‘The Stalls of Barchester’ is a sophisticated show that appeals and pleases on a number of different levels. M.R. James’ supernatural stories were often cautionary tales of some description or other and that’s particularly true of this one. Indeed, Lawrence Gordon Clark’s adaptation of this tale plays like a cultured and folk horror-inflected variant of a shocking E. C. Comics horror story. That’s primarily because ‘The Stalls of Barchester’s’ narrative revolves around a callous crime that is driven by impatient ambition. Furthermore, a suitably gory special effect is brought into play when supernatural retribution is enacted at the film’s climax. And in the film’s coda, Dr. Black discovers that a woodcarver who was blessed with second sight – and who had a penchant for sourcing his wood from trees that possessed mystical properties – might have sealed Haynes’ fate when he performed restoration work on the Archdeacon’s stalls 200 years before Haynes’ appointment.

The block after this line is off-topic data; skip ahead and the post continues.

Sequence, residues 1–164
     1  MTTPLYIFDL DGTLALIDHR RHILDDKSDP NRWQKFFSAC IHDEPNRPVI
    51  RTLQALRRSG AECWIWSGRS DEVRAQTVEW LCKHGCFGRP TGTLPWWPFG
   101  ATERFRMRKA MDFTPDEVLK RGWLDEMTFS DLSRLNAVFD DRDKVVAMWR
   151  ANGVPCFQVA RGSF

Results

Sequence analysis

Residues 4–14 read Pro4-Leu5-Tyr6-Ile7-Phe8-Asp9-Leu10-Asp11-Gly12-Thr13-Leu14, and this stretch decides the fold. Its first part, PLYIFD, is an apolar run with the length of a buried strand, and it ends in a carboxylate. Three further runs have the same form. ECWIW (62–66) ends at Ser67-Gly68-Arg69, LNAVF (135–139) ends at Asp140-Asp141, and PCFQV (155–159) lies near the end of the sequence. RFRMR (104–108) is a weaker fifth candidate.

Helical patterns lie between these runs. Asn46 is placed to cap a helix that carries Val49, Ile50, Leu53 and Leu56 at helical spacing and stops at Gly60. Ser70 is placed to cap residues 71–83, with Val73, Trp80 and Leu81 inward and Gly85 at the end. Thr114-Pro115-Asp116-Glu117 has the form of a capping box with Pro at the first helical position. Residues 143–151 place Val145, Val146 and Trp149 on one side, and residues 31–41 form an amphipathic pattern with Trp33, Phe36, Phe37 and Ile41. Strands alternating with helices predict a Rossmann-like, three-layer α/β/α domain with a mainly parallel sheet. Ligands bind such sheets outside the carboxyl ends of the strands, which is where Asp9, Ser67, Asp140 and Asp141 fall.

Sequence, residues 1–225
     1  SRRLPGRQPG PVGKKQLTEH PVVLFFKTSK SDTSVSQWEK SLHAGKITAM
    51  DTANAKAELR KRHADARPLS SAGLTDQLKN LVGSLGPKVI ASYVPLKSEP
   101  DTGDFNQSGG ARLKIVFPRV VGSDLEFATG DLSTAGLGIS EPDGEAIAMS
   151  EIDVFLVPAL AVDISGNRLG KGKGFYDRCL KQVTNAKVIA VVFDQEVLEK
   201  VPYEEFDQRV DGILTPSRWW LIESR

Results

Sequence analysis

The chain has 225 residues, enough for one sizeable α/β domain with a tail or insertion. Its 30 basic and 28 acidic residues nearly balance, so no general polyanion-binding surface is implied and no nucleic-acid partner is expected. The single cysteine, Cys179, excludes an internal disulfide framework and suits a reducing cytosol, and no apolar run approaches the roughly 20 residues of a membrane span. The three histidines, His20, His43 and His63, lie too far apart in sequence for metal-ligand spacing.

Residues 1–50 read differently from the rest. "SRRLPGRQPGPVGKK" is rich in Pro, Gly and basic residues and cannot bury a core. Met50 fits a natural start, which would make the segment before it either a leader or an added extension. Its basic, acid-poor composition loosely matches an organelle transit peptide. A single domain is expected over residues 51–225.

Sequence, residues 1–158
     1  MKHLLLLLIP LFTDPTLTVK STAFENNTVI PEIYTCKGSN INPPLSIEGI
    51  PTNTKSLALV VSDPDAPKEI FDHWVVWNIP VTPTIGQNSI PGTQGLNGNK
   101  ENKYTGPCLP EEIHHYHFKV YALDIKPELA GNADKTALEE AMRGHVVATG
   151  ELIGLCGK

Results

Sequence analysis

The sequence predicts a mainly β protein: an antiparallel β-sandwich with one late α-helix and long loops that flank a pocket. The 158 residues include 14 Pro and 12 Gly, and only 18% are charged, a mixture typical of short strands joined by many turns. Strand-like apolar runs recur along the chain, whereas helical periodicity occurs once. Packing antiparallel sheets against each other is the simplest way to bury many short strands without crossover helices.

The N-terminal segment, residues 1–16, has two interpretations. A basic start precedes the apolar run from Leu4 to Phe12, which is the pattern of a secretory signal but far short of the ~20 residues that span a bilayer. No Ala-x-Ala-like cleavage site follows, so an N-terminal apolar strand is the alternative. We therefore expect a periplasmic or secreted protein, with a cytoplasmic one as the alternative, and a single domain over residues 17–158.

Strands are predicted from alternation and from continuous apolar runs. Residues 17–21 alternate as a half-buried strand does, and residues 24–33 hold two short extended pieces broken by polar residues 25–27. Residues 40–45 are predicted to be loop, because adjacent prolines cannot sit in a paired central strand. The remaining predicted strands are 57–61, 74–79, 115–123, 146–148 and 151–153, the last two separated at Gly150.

Interestingly, with its focus on the lives and mores of a cosseted section of Britain’s historical bourgeoisie, ‘The Stalls of Barchester’ also plays like a supernatural variant of what has become known as the heritage film. It’s a period piece whose mise-en-scene is enlivened by some superbly detailed sets and fine costuming. In addition, the film features some lovingly shot location footage that perfectly captures the commanding beauty of Norwich Cathedral (the grand church that stood in for the fictitious Barchester Cathedral) and its attendant grounds and satellite buildings.